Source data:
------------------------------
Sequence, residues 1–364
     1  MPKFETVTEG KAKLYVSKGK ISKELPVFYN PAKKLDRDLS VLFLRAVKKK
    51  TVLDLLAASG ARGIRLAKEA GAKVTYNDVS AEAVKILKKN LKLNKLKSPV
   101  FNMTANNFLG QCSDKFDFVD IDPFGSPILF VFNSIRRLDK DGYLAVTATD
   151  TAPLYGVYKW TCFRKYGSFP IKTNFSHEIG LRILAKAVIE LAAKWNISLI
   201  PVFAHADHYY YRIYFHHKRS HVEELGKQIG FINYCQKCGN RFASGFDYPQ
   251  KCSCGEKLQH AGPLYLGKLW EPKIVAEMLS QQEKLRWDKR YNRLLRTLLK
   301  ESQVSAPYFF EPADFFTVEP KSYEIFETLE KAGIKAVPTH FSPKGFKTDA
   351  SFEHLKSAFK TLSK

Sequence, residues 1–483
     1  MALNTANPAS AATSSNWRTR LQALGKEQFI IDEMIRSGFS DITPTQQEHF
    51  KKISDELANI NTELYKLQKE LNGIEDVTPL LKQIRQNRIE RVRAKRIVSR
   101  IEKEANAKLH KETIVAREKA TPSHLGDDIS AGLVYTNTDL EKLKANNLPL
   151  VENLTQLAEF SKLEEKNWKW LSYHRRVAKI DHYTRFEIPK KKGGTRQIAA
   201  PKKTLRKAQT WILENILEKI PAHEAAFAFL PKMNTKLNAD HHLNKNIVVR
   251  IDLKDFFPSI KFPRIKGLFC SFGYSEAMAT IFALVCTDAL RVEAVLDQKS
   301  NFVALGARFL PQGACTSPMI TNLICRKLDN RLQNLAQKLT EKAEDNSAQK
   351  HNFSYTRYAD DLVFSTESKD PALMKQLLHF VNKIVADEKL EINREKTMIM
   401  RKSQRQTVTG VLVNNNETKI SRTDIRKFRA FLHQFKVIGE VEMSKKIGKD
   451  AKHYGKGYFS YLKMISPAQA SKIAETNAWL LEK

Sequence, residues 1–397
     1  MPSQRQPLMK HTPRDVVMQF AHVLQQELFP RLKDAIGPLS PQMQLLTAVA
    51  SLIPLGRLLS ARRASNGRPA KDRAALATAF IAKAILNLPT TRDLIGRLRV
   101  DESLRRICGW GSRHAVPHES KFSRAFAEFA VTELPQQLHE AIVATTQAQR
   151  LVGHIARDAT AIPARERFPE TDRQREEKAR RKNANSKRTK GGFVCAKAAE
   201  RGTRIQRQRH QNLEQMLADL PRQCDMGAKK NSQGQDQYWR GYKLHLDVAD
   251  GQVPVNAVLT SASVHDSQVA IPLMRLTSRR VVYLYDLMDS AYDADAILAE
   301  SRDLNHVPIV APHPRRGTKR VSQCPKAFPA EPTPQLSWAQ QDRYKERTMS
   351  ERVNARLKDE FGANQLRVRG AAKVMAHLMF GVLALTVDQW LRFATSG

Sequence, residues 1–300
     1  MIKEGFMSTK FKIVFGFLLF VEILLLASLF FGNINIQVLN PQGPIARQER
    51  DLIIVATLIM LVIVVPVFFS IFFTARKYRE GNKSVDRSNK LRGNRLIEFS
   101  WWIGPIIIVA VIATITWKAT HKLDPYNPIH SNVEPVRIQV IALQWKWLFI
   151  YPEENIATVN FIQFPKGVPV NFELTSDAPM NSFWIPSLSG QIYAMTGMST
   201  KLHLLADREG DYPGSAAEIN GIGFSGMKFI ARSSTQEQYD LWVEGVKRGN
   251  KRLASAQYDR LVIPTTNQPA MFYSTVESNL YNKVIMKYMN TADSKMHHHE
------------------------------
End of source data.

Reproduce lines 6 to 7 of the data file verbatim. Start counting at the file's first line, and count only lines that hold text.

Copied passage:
   201  PVFAHADHYY YRIYFHHKRS HVEELGKQIG FINYCQKCGN RFASGFDYPQ
   251  KCSCGEKLQH AGPLYLGKLW EPKIVAEMLS QQEKLRWDKR YNRLLRTLLK